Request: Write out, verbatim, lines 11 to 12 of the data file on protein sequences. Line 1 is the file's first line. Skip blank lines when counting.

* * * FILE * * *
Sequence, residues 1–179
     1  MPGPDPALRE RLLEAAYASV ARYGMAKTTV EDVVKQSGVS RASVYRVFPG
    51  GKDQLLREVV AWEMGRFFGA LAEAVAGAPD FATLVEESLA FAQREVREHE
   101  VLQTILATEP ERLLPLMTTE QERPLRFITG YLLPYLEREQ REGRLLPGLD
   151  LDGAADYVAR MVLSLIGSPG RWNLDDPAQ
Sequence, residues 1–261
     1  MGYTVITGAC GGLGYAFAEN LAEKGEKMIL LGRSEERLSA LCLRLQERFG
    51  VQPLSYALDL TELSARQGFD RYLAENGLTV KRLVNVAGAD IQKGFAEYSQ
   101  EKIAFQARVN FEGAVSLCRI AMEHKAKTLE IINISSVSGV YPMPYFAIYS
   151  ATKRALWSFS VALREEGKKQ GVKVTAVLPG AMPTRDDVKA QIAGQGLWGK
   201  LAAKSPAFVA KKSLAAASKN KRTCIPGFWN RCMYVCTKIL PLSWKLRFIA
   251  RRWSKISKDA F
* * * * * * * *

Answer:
   201  LAAKSPAFVA KKSLAAASKN KRTCIPGFWN RCMYVCTKIL PLSWKLRFIA
   251  RRWSKISKDA F